As Bo Hanson, a former Olympic Athlete once said, “a successful coach has communication and teaching abilities. They are aware that to help make athletes feel part of the team and be valued, that athletes are to be treated as unique people”. My new coach, who didn’t know me too well at the time immediately made me feel a sense of belonging and security; constantly checking up on me, talking to me, and asking how I felt about the squad.
Employee Attachment is all about creating a strong emotional bond between the new employee and organisation. Selina Sork, CEO shcBOND.
This is exactly what my coach set out to achieve one morning when he set me up to ‘prove’ myself as an athlete to the rest of the team.
I didn’t realise I was ‘proving’ myself as an athlete at the time, nor did I realise my coach’s intentions at the time. All I recall was it being 4:50am on a Monday morning and my coach announced that the squad would be divided for the morning session. We broke into two separate groups. What I perceived at the time was ‘the easier ideal set with all the people I felt accepted by’ and ‘the boys and Maddie’. We were then informed we were to do a 3-kilometre time trial set, “and Maddie was to keep up the entire time”. I will never forget the feeling of 5 boys – all older than me or around the same age, staring at me and smirking. Great.
I swam the entire set and kept up. Obviously not the outcome ‘The boys’ were expecting I can assure you that. After the set I remember touching the wall, panting and reaching for my drink bottle. Then each one of the boys turned around and congratulated me, saying things like “well that was unexpected” and “nice work Mad’s” – I even earned myself a new nickname. Fabulous!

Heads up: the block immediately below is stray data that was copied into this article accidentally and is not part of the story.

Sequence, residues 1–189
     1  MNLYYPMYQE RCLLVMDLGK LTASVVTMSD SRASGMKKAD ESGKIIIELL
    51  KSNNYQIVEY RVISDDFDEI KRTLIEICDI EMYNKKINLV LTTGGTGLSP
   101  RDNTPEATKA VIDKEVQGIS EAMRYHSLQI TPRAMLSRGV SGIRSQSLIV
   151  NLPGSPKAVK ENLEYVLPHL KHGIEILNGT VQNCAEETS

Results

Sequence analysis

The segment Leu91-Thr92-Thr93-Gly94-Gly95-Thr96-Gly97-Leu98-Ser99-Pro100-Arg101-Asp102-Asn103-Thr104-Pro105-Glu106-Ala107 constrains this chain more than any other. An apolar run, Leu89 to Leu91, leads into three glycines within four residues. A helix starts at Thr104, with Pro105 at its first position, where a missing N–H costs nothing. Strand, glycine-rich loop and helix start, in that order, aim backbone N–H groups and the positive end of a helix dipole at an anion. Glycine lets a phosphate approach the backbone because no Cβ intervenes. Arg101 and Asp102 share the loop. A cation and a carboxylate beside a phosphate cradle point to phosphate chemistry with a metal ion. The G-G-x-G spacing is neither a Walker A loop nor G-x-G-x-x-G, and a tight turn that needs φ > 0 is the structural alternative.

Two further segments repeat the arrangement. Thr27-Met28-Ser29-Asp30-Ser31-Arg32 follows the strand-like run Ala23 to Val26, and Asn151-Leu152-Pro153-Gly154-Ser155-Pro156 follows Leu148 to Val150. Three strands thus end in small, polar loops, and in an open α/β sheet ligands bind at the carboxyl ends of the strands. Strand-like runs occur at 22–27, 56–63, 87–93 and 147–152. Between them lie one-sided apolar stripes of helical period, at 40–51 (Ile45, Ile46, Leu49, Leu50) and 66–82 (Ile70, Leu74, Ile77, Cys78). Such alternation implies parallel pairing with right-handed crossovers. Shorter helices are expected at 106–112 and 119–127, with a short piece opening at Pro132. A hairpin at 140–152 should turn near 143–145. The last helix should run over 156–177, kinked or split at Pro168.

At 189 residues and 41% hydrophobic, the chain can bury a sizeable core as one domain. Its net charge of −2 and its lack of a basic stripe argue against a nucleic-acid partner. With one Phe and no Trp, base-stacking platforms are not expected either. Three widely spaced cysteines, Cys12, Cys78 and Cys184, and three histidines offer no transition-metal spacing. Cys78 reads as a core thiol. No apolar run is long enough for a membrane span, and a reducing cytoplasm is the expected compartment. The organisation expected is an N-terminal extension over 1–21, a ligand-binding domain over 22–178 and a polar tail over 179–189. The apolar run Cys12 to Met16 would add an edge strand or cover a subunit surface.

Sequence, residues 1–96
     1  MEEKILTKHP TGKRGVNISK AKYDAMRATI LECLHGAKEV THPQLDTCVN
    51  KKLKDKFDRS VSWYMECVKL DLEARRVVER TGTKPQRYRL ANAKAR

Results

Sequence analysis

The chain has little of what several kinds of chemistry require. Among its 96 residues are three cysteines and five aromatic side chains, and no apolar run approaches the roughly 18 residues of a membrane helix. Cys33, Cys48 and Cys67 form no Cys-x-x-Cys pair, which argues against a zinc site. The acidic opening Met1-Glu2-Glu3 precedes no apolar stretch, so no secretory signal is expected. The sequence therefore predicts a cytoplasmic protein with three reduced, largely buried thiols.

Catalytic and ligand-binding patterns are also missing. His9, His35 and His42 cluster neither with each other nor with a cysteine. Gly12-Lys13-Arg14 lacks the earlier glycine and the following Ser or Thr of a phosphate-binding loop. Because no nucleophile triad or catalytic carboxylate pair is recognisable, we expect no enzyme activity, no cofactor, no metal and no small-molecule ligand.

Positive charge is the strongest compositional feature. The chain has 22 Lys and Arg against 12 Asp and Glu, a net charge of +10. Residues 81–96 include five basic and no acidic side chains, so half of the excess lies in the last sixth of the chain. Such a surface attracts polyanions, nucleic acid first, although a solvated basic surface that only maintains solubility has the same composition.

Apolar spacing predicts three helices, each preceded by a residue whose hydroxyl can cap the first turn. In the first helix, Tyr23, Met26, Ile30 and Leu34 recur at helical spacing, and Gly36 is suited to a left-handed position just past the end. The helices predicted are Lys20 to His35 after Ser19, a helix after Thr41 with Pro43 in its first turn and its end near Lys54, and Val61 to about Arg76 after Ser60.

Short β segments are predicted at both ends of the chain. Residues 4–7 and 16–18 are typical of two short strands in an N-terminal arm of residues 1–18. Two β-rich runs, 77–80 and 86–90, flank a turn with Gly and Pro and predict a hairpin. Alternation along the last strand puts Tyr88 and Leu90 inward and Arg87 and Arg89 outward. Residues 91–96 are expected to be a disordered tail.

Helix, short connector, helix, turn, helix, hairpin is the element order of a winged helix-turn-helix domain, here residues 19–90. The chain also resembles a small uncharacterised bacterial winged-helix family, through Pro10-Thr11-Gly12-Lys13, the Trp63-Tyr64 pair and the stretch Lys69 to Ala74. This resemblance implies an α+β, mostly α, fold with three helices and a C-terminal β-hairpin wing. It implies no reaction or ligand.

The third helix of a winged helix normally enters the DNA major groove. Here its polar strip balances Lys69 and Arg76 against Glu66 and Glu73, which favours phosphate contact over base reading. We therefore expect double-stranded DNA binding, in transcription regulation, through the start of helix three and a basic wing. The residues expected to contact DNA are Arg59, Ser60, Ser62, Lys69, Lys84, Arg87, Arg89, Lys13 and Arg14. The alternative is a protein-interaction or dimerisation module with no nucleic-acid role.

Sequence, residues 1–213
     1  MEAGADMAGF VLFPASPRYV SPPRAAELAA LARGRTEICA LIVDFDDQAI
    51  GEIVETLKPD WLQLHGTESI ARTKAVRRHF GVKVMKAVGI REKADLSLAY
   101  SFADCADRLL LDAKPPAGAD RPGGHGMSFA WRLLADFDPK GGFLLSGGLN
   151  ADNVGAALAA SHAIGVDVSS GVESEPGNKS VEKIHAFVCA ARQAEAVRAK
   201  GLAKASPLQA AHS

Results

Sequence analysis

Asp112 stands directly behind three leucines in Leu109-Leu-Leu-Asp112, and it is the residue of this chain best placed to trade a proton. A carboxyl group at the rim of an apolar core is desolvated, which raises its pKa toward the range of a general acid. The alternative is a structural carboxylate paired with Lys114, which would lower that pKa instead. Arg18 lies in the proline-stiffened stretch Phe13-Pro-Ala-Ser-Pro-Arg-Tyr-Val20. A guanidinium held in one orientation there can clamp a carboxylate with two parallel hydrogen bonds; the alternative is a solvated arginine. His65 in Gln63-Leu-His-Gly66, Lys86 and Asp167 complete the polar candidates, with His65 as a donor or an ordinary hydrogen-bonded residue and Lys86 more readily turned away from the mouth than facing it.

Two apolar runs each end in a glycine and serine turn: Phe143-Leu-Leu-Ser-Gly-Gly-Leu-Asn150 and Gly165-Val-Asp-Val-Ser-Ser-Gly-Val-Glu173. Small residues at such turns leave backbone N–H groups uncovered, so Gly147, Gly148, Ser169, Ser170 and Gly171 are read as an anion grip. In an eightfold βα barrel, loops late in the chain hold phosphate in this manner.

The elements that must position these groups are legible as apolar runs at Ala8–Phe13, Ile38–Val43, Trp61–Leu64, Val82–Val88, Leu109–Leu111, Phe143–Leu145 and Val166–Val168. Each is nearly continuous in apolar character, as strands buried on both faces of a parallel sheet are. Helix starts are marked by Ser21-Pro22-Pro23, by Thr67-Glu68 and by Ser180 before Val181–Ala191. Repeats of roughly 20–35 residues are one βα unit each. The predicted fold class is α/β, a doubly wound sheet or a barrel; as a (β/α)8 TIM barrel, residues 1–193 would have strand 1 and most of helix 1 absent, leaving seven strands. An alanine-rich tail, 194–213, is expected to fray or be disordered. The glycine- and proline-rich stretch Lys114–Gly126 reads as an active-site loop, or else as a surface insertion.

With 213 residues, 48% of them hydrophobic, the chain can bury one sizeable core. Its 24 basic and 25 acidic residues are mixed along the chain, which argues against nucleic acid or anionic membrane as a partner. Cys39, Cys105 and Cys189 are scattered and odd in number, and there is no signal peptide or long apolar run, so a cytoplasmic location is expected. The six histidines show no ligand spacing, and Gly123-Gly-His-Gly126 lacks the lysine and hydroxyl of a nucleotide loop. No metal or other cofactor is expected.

I frequently reflect on this particular experience and I have realised that my coach had already given me an enormous amount of trust and believed in my swimming ability.
Since that morning, I haven’t looked back. This ‘group of strangers’ made me feel accepted, secure, and like I belonged – they also trusted and valued me, as I did them. Bo Hanson once spoke about the importance of a team:
An attached team of athletes almost always rises above a team who may have greater physiological traits and technical skills
Following my acceptance into the squad, not only did I – but the entire squad had one of the most successful seasons of our lives. Our coach continually reminded us throughout the season “the group of you have the chance to make something truly special happen – as long as you continue to work together, rely on each other, encourage one another and push one another”. I can assure you, we made that something special happen.
Security, Trust and Value, Acceptance and Belonging as you can see are critical. We as humans subconsciously need these core perceptions to stay motivated and succeed. You may wonder how a 19 year-old girl killing herself in swimming training to feel accepted relates to employees in the corporate world?
In corporate teams, strong emotional connections are connections we have with the whole person. To work effectively with someone, we need to understand them. Anthony Sork, CEO shcBOND
In my case, my new team needed to understand I was willing to work hard to be accepted, in your case, as a business manager or CEO you need to ensure your employees feel accepted, secure, like they belong, and are valued and trusted – without this, can you expect them to stay with your organisation and work to their maximum potential each day?
You will never know what your employees are well and truly capable of until you create a strong emotional bond, based on the core perceptions of security, trust and value, acceptance and belonging, between the employee and the organisation.
By Maddie, shcBOND intern for Social Media.